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There is always something going on in a multi-cat household. Erm 9... cats and counting...... Plus stories from the Sheffield Cats Shelter

Corona Virus & FIP

When I started to research Coronavirus and FIP I found a lot of conflicting information.  If you find yourself in a similar position, and end up here, I hope the following will be useful.

This is my simplistic understanding of it*:-  


The Coronavirus can easily be transmitted between cats, often through poo. It's likely that a lot of cats have it, or have had it at some point and in the majority of cases it doesn't cause any major issues.

FIP occurs due to the body’s reaction to the virus.  From what I’ve read the FIP disease can not be passed on and will only occur in a small number of cases.  It’s actually not that common. It seems to me that it is generally young kittens or older cats who are weak or those who have immunity issues who are more susceptible* and Dr Addie suggests that stress can also play a part.

Those with FIP will still be shedding coronavirus in their poo, so this is where the main cross contamination risk comes from.  Cats do not become immune to it either, they can continue to re-infect each other, although there are ways to reduce the risks with good litter hygiene.  In a multi cat house like mine it will be harder to eradicate.

There is no test for FIP only for Coronavirus, therefore Vets generally use blood tests and symptoms to make a diagnosis.

There are two types of FIP, wet and dry. The websites below give specifics on symptoms for each.

My Vet told me to isolate my kittens from the rest of the household.  After researching I believe this is not necessary.  Again I stress, you need to make your own decision on this.

*Please note that these are only my own interpretations – if you’re affected by this see the links below to the resources I used. I’d strongly suggest you read and make your own decisions – and if your pet is ill, see your vet

Where I found information to become more informed:-


Dr Diane D Addie PHD, BVMS  is a veterinary surgeon and virologist who has spent the last 23 years researching feline infectious peritonitis (FIP) and feline coronavirus infection (FCoV) from the University of Glasgow. She has dedicated her website to information resources for cat owners, breeders and veterinarians which can be found at  www.dr-addie.com 

You will find a variety of free resources here, but also a downloadable booklet.  If you can purchase the booklet please do, as the money received goes towards funding research into this horrible disease.

The Cornell University College of Veterinary Medicine published some interesting research information in June 2013 entitled:- 

Breakthrough discovery gives first hope against deadliest cat virus

And finally, for a quick and simple guide I found the Cats Protection Leaflet to be really useful, visit their downloads page and look for the leaflet entitled Feline Coronavirus (FCoV) and (FIP) - PDF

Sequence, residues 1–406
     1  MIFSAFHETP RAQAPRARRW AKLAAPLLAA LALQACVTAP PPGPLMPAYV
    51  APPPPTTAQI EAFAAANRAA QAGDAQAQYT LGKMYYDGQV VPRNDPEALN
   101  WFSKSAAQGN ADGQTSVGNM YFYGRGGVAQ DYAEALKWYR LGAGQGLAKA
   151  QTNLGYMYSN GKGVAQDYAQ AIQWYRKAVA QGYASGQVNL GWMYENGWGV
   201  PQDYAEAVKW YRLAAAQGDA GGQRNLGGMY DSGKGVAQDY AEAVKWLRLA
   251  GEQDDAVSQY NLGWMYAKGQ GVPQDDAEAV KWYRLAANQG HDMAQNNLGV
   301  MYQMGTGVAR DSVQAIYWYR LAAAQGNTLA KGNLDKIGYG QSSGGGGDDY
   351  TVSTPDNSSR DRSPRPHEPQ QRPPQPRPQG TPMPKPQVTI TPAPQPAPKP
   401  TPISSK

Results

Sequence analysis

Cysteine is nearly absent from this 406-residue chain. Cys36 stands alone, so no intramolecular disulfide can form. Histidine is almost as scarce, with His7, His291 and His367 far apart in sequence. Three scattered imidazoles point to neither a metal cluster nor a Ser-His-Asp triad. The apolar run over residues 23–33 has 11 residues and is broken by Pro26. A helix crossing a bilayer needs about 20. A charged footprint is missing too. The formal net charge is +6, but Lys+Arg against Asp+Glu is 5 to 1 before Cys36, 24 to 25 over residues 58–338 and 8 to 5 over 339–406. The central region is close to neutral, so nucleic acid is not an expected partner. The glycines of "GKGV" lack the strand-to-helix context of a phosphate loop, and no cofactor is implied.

Personal thanks to all these people/sites (and many more I came across) for putting this invaluable information out there.  Vets don't always get it right so make sure you research.

Additional information

11th July 2013 BBC News article 'Clue to why cat virus turns deadly'


  1. basically correct from what I understand as well.

    There is a test to confirm it, but it involves a biopsy and most cats who are suspected FIP kitties are not well enough to go under surgery... so it is confirmed by a necropsy after death if an owner is so inclined to do.

    Once the corona virus mutates it is not transmittable to other cats. It is believed that there is a genetic component to why it mutates which is why it was originally thought to be contagious. It used to take whole catteries.

    I keep my foster kittens isolated from my own cats (I currently have seven) since it is very possible that cats can carry disease and not show symptoms nor test positive for six weeks. I know many foster homes keep kittens separated for a week or two to make sure URI doesn't show up, some don't isolate at all unless the kittens can not handle new cats. After the misery I went through 11 years ago I will not subject my cats or myself to the 'what if' of integrating residents and fosters again.

    The blood tests the vets are using have not been proven to be accurate. They have been trying to use them for 10+ years and yet they still are not proven to be an accurate test for FIP.

    I am so sorry you know all this. I am so very hopeful that one day we will have a cure for this so no pet owner needs to face this..

    1. Thank you so much for your comments. It's very hard to get the right information on FIP. It seems to be very misunderstood. I'll be making time to read your blog asap.